Unfortunately, yellowjackets have a deserving reputation for becoming a serious nuisance late in the season. Sometime in late-summer to early fall, drones (males) and new queens begin to develop in the nests. These new-comers do not require protein since they are not growing; they need energy from carbohydrates. So, they lounge around the nest begging the workers for sweets. In an effort to appease these freeloaders, the workers search for foods that have this much needed energy boost such as soda, donuts, and funnel cakes; the All-American fine cuisine I love to eat at county fairs! Thankfully for the over-worked workers, nest populations of adults begin to peak in the fall with 5,000 or more workers in the colony.
As fall comes to an end, the new queens and drones leave their nest to mate, and the queens seek protected overwintering sites. The colony from which they developed dies during the winter; yellowjacket and paper wasp nests only last one season. This means that you should avoid declaring war on these stingers unless their nests are located where they presents a serious stinging hazard. The nests will eventually die-out on their own; with no fanfare for the poor overworked workers.
A Final Painful Perspective
Of course, yellowjacket and paper wasp workers will happily demonstrate their stinging capabilities any time during the growing season. However, understanding why they sting is important to avoiding painful confrontations. These insects will sting for two reasons: to defend their nests (and young) and to deliver venom to quickly subdue their prey. Fortunately, despite their belligerent reputations, paper wasps and yellowjackets, which of course includes baldfaced hornets, are seldom aggressive. What benefit would it be for them to waste energy chasing after people?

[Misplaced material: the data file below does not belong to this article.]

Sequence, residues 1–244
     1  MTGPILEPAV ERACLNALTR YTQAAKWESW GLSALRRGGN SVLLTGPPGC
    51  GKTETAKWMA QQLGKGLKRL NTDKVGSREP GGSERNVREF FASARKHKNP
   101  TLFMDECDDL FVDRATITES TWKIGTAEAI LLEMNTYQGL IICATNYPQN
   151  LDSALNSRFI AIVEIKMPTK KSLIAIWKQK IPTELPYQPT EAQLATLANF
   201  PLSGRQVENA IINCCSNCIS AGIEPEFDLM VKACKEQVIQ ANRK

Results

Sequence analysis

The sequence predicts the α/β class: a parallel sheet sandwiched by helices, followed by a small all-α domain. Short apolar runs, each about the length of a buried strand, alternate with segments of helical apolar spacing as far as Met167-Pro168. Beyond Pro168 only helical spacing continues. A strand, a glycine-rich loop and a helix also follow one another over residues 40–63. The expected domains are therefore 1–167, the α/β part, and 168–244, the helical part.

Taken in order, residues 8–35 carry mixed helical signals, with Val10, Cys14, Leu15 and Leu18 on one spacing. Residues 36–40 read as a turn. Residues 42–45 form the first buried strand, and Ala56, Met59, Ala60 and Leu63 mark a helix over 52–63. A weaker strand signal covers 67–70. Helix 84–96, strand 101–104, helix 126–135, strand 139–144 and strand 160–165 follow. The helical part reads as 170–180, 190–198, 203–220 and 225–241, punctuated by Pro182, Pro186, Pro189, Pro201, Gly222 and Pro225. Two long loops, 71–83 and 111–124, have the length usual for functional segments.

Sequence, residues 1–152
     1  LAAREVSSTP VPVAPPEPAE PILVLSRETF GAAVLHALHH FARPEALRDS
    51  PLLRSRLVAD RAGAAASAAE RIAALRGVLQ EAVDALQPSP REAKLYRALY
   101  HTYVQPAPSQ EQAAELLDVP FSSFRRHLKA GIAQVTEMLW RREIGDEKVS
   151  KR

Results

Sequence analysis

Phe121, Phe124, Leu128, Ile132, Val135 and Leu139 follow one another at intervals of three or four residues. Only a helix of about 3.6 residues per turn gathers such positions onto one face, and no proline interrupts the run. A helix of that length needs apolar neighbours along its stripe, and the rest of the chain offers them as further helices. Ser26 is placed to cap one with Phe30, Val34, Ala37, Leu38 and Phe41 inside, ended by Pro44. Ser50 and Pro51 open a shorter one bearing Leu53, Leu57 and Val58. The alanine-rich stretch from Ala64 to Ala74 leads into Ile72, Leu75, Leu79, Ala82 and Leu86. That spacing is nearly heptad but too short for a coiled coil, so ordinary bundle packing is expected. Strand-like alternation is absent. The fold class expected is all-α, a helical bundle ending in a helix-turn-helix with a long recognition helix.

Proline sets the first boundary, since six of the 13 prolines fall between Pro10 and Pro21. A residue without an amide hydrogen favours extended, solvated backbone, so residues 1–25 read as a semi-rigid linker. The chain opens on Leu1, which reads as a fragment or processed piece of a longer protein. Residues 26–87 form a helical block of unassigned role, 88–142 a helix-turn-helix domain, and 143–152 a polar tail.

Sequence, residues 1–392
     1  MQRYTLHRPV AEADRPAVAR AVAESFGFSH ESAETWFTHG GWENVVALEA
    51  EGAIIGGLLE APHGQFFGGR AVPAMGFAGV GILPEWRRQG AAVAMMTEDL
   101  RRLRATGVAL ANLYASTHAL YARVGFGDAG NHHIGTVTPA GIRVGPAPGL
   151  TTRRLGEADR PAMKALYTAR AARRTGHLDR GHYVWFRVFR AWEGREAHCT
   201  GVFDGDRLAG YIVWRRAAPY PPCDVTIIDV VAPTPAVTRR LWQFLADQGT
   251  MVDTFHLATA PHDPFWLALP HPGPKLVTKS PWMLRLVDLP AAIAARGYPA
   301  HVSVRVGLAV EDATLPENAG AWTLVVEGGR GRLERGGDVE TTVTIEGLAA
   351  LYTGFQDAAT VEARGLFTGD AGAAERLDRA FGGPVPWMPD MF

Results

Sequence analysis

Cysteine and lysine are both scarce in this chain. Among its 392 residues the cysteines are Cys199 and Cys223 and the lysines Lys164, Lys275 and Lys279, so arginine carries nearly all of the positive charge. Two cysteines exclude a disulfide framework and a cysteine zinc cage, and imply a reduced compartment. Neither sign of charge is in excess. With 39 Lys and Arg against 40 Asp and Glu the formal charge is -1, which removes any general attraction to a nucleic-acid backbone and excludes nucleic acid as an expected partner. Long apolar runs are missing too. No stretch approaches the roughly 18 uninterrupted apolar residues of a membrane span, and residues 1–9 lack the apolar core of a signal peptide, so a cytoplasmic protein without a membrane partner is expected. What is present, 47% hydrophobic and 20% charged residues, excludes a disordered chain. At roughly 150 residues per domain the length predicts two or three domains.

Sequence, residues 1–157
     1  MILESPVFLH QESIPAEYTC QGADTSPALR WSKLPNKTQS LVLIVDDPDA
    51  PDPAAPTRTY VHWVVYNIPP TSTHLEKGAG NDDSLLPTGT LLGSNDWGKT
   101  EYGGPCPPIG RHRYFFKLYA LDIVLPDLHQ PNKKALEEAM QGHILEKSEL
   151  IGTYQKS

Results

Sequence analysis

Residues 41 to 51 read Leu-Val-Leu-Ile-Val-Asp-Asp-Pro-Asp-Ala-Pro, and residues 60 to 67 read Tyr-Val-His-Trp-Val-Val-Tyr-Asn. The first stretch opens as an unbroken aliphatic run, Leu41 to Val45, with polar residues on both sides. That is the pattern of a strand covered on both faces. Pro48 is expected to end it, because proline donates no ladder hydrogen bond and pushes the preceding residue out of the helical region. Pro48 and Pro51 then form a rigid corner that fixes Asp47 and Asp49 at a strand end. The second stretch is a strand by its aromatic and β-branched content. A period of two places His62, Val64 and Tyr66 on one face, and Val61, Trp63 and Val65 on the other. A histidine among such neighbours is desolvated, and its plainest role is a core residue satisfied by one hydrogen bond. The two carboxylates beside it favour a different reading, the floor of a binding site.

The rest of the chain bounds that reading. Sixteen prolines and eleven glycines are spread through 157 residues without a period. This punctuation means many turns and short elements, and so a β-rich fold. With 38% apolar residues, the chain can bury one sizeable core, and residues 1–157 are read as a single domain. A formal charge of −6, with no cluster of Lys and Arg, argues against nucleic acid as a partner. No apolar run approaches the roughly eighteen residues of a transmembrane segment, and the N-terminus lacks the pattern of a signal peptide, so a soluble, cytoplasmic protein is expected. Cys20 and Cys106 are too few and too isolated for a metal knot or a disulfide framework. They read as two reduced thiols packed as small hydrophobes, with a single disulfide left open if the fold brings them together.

Unless those people present a clear and present danger to their nests. The vast majority of painful encounters are associated with poorly planned and executed efforts to wage war on these beneficial insects. Indeed, even armed with serious insecticides, we are often woefully outclassed because they have been defending their nests for tens of thousands of years!
So, just how painful are the stings? Not as much as you might think. In the mid-1980’s, Justin O. Schmidt (Southwest Biological Institute) developed the “Schmidt Sting Pain Index.” Using his own fingers, arms, etc., he allowed himself to be stung by a wide range of stingers so he could rank the pain on a 1 – 4 rating scale with 1 being the least painful to 4 being blinding. While you may disagree, he considers the pain from all of the aforementioned stingers as being no more than a 2. Of course, speaking from personal experience, multiple stings delivered by a hoard of ticked-off baldfaced hornets would cause me to rate the pain as a 10 … mostly associated with blind panic.
You can learn more about the Schmidt Sting Pain Index and even listen to a fascinating interview with him that aired last year on “Science Friday” including descriptions of the stings of Tarantula Hawks (Pepsis spp. and Hemipepsis spp.) and Bullet Ants (Paraponera clavata). Just click on the hotlink labeled “From ‘Nettles’ to ‘Volcano,’ a Pain Scale for Insect Stings” under “More Information” below.